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Asturias — At the Edge of the World
(Asterias AS-0007, 2016, CD)

by Peter Thelen, Published 2017-10-29

At the Edge of the World Cover art

Over the passage of time, since the late 80s, bassist and multi-instrumentalist Yoh Ohyama has led two distinct versions of Asturias, although the early albums made no distinction because the alternate ‘Acoustic Asturias’ didn’t appear until 2005’s Bird Eyes View, and since that time releases have been designated as either Acoustic or Electric Asturias, sometimes sharing members, but not necessarily. Until now. At the Edge of the World seems to be an integration of both versions of the band, featuring Ohyama on just about everything (guitars, bass, mandolin, keyboards, harp, glockenspiel, percussion, and synth programming), with Electric Asturias members Satoshi Hirata (electric guitar) and Kiyotaka Tanabe (drums), Yoshihiro Kawagoe (piano) and Tei Sena (violin and viola) who have played in both versions of the band, and from Acoustic Asturias, Kaori Tsutsui (clarinet and recorders). Then add additional players on cello, violin, oboe, percussion, and vocalist Yoko Ueno who sang on the second and third albums, Brilliant Streams and Cryptogam Illusion, way back in the day. Most of the players only appear on a few tracks each, except for Ohyama who plays on all and is also responsible for all the compositions, engineering, and mixdown. The album contains ten titles, arranged into two long suites of five parts each that the listener won’t even notice track changes (unless you have a crummy CD player like mine), everything is meant to blend together nicely. While Ohyama has had nearly thirty years to develop his unique composition and arranging style, the strongest influences here are orchestral classical music, occasional outbursts of rock, with some subtle folk / celtic elements appearing from time to time. In general, I am often reminded of early Mike Oldfield (think Ommadawn period) but with more aggression and orchestral savvy all pulled together into one. Ueno’s vocals are purely wordless and utilized somewhat sparingly, although often multi-tracked, like many of the string parts as well, resulting in something of a medium-sized orchestra. This is a truly ambitious work that evokes power and beauty on all fronts, and should be of interest to anyone who appreciates symphonic progressive rock.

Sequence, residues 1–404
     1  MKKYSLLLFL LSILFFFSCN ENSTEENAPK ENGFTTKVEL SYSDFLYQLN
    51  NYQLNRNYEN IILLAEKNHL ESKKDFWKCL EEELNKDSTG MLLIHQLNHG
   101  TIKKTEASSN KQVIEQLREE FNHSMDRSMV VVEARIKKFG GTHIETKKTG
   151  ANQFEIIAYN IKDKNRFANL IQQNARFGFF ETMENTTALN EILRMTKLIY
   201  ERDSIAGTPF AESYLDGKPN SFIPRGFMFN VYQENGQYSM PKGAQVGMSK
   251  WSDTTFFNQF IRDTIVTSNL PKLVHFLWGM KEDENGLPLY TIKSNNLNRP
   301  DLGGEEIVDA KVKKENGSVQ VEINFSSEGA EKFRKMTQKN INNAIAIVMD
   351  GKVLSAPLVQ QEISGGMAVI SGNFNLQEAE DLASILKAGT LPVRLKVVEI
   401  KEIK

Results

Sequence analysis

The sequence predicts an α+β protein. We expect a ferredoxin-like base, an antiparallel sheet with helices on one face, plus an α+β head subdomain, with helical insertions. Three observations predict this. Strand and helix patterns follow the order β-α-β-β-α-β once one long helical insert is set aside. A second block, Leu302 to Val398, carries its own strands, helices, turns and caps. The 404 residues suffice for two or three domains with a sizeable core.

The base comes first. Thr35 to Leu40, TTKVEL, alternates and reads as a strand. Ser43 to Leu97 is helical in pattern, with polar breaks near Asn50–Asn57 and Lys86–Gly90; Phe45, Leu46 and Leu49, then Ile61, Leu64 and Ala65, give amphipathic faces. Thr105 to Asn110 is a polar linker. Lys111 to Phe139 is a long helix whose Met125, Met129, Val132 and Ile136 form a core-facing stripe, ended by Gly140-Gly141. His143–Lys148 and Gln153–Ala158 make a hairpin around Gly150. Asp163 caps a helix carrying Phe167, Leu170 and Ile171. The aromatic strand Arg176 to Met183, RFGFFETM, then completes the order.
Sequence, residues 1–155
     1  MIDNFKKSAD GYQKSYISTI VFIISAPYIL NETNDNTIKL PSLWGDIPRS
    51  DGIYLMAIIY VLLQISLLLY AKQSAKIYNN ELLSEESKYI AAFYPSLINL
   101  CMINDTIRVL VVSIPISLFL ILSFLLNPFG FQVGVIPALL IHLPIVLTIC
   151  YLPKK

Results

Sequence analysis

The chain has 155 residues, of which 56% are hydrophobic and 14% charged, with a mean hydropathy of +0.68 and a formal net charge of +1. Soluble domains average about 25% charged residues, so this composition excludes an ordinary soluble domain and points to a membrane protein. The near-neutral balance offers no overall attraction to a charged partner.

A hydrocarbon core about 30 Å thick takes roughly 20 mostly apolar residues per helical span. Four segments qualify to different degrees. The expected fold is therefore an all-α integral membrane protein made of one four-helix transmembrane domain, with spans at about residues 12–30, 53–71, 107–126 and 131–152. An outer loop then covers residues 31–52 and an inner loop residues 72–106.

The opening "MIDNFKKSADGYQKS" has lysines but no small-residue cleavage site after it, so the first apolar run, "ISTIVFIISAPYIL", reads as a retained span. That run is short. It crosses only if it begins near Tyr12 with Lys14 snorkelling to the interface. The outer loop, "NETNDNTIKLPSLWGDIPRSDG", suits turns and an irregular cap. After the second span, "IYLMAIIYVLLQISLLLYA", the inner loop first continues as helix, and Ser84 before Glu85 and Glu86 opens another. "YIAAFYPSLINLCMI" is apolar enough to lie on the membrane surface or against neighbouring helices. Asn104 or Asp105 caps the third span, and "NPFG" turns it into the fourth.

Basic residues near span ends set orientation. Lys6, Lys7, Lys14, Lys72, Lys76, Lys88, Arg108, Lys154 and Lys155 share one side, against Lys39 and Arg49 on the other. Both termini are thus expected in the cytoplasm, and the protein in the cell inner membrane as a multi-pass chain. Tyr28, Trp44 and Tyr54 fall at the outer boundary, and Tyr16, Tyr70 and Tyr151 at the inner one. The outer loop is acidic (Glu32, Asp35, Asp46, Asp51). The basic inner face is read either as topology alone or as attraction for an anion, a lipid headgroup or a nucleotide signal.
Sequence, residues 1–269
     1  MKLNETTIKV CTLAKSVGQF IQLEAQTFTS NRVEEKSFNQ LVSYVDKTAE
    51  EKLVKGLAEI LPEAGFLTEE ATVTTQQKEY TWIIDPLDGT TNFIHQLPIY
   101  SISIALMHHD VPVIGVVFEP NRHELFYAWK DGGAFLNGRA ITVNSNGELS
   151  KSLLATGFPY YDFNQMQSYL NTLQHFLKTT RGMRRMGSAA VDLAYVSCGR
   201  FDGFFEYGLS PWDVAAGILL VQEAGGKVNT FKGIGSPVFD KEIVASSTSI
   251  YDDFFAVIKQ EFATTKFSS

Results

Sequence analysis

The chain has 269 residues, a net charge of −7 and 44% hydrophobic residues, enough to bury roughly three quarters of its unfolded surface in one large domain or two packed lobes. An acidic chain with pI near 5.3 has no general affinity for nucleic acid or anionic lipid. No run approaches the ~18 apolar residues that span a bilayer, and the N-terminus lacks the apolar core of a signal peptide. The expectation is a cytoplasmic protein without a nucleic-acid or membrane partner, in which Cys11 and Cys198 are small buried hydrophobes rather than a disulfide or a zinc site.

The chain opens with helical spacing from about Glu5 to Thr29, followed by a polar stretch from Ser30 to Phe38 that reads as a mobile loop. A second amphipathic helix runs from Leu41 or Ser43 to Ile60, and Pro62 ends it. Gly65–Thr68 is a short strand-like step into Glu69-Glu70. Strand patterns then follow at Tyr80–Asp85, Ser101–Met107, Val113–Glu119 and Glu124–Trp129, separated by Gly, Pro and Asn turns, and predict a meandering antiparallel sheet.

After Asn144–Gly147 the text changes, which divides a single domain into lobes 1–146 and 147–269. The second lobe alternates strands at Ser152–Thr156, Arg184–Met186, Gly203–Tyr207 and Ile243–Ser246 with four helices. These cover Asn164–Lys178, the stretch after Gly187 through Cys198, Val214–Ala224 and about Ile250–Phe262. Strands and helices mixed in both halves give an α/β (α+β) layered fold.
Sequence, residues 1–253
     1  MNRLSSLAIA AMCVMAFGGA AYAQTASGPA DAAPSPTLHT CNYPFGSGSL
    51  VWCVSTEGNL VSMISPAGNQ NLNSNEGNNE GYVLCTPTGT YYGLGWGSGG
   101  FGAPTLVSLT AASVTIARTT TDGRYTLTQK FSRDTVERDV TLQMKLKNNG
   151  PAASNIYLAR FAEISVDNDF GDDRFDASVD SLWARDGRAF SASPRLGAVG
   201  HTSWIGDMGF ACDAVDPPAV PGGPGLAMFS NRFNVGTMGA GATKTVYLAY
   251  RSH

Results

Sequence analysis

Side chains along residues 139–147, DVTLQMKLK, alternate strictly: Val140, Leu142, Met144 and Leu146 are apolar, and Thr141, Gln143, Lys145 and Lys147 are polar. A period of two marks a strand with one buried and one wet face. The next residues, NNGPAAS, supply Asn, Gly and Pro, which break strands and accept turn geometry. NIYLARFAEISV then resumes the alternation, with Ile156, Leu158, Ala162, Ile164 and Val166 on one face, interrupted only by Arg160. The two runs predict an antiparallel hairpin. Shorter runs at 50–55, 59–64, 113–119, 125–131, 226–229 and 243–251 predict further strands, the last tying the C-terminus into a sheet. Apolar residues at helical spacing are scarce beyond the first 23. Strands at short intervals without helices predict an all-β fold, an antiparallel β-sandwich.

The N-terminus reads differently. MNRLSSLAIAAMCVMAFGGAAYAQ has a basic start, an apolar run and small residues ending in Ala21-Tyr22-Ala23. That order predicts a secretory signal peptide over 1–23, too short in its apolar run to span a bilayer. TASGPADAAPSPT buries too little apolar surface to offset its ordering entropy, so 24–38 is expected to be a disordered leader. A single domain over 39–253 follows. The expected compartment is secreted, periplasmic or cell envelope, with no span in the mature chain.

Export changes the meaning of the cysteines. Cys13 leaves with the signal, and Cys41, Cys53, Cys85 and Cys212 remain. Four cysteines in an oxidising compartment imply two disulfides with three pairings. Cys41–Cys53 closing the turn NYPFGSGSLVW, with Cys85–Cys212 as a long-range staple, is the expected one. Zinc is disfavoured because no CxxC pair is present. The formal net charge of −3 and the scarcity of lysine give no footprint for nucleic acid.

Filed under: New releases, 2016 releases

Related artist(s): Asturias

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